The TV shows, Prime Suspect and its similarly themed American counterpart, The Closer, both had the police hunting down the worse cases crime had to offer and, focused in on a female lead — with Kyra Sedgwick playing Deputy Chief Brenda Leigh Johnson in The Closer, and Dame Helen Mirren playing Detective Chief Inspector Jane Tennison in Prime Suspect.
Both these shows followed a similar pattern, but how they dealt with their subject material, and how, by the end of each episode, they closed their cases, was approached in different ways.
While I watched and loved The Closer, which was essentially about how Johnson/Sedgwick ‘closed’ her cases through her techniques in interrogation. The show was also full of a great deal of humour that, IMHO, often got in the way of the story telling aspect. Each episode had a number of ‘B’ plots that were, invariably, a slapstick comedy segment. After seven seasons, this became very tiresome and took the edge away from some of the topics covered.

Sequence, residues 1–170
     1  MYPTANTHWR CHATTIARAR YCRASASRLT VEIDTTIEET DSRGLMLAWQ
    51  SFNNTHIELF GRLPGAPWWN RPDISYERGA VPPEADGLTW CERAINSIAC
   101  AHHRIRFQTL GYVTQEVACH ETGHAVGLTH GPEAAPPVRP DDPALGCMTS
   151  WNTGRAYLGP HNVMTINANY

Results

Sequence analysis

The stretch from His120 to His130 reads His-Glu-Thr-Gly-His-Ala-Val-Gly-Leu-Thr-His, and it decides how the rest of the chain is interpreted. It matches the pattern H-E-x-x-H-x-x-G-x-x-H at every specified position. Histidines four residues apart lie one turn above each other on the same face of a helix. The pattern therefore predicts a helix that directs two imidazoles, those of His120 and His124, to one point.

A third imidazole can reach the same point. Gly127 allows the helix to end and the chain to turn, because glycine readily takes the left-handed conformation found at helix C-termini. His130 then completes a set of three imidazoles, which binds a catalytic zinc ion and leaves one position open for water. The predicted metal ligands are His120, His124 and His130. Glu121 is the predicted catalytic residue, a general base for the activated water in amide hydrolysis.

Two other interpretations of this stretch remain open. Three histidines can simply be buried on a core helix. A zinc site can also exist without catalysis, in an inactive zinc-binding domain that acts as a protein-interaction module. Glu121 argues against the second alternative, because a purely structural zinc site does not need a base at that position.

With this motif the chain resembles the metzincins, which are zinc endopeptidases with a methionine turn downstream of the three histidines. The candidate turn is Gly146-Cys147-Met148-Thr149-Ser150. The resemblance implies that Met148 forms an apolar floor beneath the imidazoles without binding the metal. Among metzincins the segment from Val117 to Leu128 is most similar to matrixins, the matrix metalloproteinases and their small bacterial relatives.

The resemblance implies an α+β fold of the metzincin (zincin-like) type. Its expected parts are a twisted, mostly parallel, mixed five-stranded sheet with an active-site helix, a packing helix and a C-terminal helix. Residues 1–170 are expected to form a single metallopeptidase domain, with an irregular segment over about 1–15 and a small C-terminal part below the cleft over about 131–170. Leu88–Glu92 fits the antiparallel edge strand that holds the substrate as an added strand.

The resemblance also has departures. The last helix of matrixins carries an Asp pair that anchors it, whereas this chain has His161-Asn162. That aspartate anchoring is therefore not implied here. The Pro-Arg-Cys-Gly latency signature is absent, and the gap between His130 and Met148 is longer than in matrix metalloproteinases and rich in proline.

I really felt that, had they taken away or pared down the comedy, the show might still have been running. As it is, Kyra Sedgwick went on to do other shows. Not least of which was the more hard-hitting, Ten Days in the Valley, where she was on the other side of the law.
Meanwhile, Prime Suspect was more of a police procedural than The Closer, following Tennison and her team as they slowly pieced together all the clue, bit by bit. And while the interrogation was still an integral part of the show’s basis, it wasn’t the main focus as it was in, The Closer.
The two shows differed on many levels, while The Closer was laced with humour, Prime Suspect was the flip side, dark, gritty, and down in the trenches. You saw more of the under belly of crime and the inhabitants of that level of society than was seen in The Closer. Also, while The Closer focused on crime in LA in almost a popcorn fashion, Prime Suspect took us to every dark corner of London that they could find.
Whether you were a Brenda Leigh supporter, or a Tennison fan, either way, both shows delved into dark corners in two uniquely different ways, caught the bad guys, and entertained us with strong, female leads that could hold their own, making these two shows a definite cut above the rest.
And you, what did you think of both these shows?